why I'm holding off on a bug report until there's some feedback on what 
 the compiler should do in this situation.
 
 With greetings and stuffies,
  --downs

I'm pretty sure variables are within the scope of for loops etc. At least I'm 99% sure this is Ok: for(int i=0;i<10;i++) { writefln(i); } for(int i=0;i<10;i++) { writefln(i); } So the scope of the i *is* limited to just the body of the for loop normally. 'Scope' seems to defeat that somehow. Actually I thought even with scope classes you still needed to say 'scope' at the point of use or else get an error. So it could be that the root of the error is that D is letting you create a scope class in a non-scope way, when it shouldn't. --bb
Aug 01 2007
parent downs <default_357-line yahoo.de> writes:
Bill Baxter wrote:
 So it could be that the root of the error is
 that D is letting you create a scope class in a non-scope way, when it 
 shouldn't.
 
 --bb

Okay, but the behavior I described is what would be expected from constructing a scope object like "with (new ScopeObject)", because "with" *means* "use the parameter inside the scope"; a behavior which is semantically very similar to what "scope" means. So I'd recommend making this actually a _valid_ case, as well as fixing its behavior, instead of outright forbidding it (which, admittedly, would also solve the bug). --downs
Aug 01 2007
prev sibling parent Daniel Keep <daniel.keep.lists gmail.com> writes:
downs wrote:
 I realize this has been requested before, by me and a few others, gained
 the votes of a significant amount of people here, been completely
 ignored by Walter (no offense meant, I know he can't read every
 proposal), you know how it goes. The reason I'm bringing it up again is
 that it could potentially, and implicitly, help (or even completely) fix
 a quite serious bug I discovered this morning.
 
 To recap: the proposal is to make the parameter ("()") part of some
 common constructs such as while, do/while and with (I'll get to that in
 a second) part of the scope of the actual loop body - this would allow,
 for instance, checking the value of an inner variable in the condition
 of a do/while loop.
 Disadvantages: it breaks compatibility with C++ in cases which are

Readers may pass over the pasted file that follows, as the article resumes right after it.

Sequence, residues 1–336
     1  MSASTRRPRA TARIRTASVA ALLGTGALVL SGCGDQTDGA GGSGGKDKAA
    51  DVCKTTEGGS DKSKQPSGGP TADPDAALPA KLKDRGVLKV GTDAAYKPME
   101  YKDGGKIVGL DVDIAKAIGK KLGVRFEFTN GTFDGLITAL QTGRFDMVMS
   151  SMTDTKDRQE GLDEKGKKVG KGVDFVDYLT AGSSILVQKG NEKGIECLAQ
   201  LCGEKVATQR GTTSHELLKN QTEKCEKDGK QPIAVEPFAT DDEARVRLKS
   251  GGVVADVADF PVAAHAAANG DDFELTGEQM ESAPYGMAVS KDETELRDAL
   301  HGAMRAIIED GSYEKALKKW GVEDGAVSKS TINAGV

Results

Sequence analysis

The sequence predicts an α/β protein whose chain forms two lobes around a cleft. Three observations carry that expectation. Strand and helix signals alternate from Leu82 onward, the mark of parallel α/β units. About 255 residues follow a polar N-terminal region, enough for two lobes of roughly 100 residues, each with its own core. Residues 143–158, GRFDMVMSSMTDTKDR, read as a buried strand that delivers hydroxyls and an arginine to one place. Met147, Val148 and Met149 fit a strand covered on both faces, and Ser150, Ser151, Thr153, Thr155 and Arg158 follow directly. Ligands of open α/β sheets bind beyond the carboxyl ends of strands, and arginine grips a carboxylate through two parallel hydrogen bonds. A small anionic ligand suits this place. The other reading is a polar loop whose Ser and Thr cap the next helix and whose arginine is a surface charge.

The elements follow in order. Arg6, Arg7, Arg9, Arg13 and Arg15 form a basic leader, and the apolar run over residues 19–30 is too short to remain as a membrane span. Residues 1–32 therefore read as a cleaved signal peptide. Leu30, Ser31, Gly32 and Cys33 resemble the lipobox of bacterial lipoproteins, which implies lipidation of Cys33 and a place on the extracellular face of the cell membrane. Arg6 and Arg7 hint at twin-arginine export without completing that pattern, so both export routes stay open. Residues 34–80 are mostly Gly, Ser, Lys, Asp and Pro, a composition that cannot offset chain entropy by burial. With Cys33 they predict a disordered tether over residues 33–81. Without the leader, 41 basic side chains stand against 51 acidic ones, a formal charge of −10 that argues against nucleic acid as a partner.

forbidden anyway (shadowing declarations). .. That's all I can think of.
 As far as I know, it doesn't change the behavior of existing code.
 
 Now, for the bug.
 Consider the following example program.
 
 scope class test { this() { writefln("this"); } ~this() {
 writefln("~this"); } }
 void main() {
         writefln("Pre");
         with (new test) { writefln("Inside With"); }
         writefln("Post");
 }
 
 What would be expected: Pre  this  Inside With  ~this  Post.
 What happens: Pre  This  Inside With  Post  ~this.
 Okay, I thought, so the new test is in the outside scope. Sucks, but
 workable. I changed it to
 
     { with (new test) { writefln("Inside With"); } }
 
 ....
 I got the same results.
 Turns out constructing an instance of a scoped class as the parameter of
 a with construct makes the compiler COMPLETELY ignore the scope.
 And I can't help thinking, if the with loop's parameters were part of
 the inner scope, that bug _probably_ wouldn't have happened. Which is
 why I'm holding off on a bug report until there's some feedback on what
 the compiler should do in this situation.
 
 With greetings and stuffies,
  --downs

I'd also like to see this, if only for the example you gave on IRC: with( new glTriangleStrip ) { glVertex(v1); glVertex(v2); glVertex(v3); } Which is *very* reminiscent of Python's with construct <http://www.python.org/dev/peps/pep-0343/>. You can fake something very similar using scope statements, but Python's solution just seems that touch more elegant. Of course, we'd probably be able to do all this if we got struct destructors... ;) -- Daniel "let's give the ol' horse one more flog for old times' sake..."
Aug 01 2007